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Published on 29 May, 2009

Mission Network News bids a fond farewell

May29-5picInternational (MNN) — On May 29, Lee Geysbeek steps down from his position as Vice President for Broadcasting at Cornerstone University.  He will soon begin a new job as radio marketing director for Compassion International.

During his 34 years at Cornerstone, Geysbeek has overseen Christian radio stations for adults, teens, and kids, as well as Mission Network News. It was actually Geysbeek who brought Mission Network News to Cornerstone in January of 1995.

“All good things usually come directly from the hand of God, and not usually from our head or our ideas. And that’s exactly what happened with Mission Network News,” Geysbeek said.

Mission Network News had been operating in Seattle since 1991 and already was being aired on about 365 stations. When it became financially unsustainable, a friend of Geysbeek’s called him about acquiring the program.

“So Mark Moore called me and said ‘Hey, we’re looking for a home for this project…we don’t want to let it die; it’s too good to let that happen,'” Geysbeek explained.

WCSG, one of Cornerstone’s radio stations, was already airing the program at that time, and it was being well-received. After some prayer and discussion with university leadership, the decision was made to obtain Mission Network News.

Geysbeek recounts, “We’d actually been praying that God would bring something our way to kind of represent…our desire to have a mission for the world and to prepare students here at Cornerstone to be missionaries, if you will, in all walks of life, whether it’s here in the United States or around the globe.”

Geysbeek is passionate about mission news partly because Christian radio often neglects that aspect of ministry. Another neglected area is radio ministry to children. Geysbeek believes it’s extremely important to reach children with the Gospel.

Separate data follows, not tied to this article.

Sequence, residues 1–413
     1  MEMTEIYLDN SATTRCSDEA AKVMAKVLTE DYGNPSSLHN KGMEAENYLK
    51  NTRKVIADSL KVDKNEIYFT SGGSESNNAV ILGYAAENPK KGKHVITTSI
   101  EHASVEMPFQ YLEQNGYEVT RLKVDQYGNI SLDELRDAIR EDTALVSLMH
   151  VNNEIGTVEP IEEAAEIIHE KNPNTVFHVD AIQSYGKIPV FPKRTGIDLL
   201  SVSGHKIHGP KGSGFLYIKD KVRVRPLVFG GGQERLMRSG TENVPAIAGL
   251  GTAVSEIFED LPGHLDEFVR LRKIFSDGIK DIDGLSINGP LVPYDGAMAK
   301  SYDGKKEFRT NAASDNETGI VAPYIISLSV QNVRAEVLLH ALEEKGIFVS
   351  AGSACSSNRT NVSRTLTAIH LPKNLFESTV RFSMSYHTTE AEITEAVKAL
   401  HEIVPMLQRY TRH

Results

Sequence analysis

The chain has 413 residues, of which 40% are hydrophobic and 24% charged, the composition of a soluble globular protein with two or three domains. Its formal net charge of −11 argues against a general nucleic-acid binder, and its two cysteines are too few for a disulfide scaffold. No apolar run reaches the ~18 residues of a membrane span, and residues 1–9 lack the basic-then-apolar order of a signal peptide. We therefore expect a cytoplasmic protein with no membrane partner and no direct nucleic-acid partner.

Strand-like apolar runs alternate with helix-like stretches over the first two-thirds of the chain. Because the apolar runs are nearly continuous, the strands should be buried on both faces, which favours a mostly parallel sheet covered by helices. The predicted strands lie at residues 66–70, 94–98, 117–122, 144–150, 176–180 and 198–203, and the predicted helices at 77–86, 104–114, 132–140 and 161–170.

“Kids are just a very needy group,” he explained. “Where kids go (the hearts of kids) is typically where the nation goes. Barna did the research that is now quite famous, revealing that the majority of people who become believers do so between the ages of probably 5 and 14 years of age.”

Cornerstone University Radio decidedthat it wanted WCSG to focus on ministry to adults, but it also wanted to find a way to reach kids. The solution: HisKids Radio.

HisKids Radio functions as a sub-channel of WCSG. Kids can buy a special radio with a switch on it. With the flip of the switch, they can listen to either HisKids Radio, or a regular Christian radio station.

“So, mom and dad have their station, the kids have theirs, and many times the twain will meet somehow in some way, shape, or form,” Geysbeek explained. Together, HisKids Radio and Mission Network News represent some of Geysbeek’s life passions.

“I think God has always given me a heart for the underdog or the underserved in one way. Certainly the story of missions and missionaries is one area, and I think kids is another,” he said. “So those really have been two of my heart’s passions in my tenure here at Cornerstone.”

These passions will carry over into Geysbeek’s new work at Compassion International.

“This was the most difficult decision I’ve ever made,” he said.  However, he can see how God has directed his path over the years.

“You’re talking about going to an organization that is about kids, and it’s about people who are underserved. And that really was kind of a tipping point for me, to realize that God kind of had stirred my heart to say, ’34 years is a long time, and it’s time for something new for you and new for the organization,'” Geysbeek said.

“So I’ll be going to Compassion International. It’s about kids, and it’s about the underserved, and that really rings true with my heart.”

Geysbeek will be able to stay in West Michigan and work from his home. However, the new job will still be a big adjustment, and he would appreciate prayer.

“I’m going to steal a phrase from the president of Cornerstone University, Joe Stowell,” said Geysbeek. “I think I’m going to be ‘drinking from a fire hose’ for the next three months, trying to absorb what a team has been doing for 6 or 7 years. And it’s a great team of people.”

Although the economic crisis is bad enough in the United States, it’s even worse in countries that had fewer resources to begin with.  Geysbeek will be working with radio stations that want to support Compassion International, connecting listeners with needy
children who need sponsorship. He wants to do his part to help meet as many of the world’s physical and spiritual needs as possible.

“I want to make sure that I don’t cause the Compassion International team to slip at all as I try to get up to speed with what they’re doing,” he said.

Pray for Geysbeek as he adjusts to his new role at Compassion.

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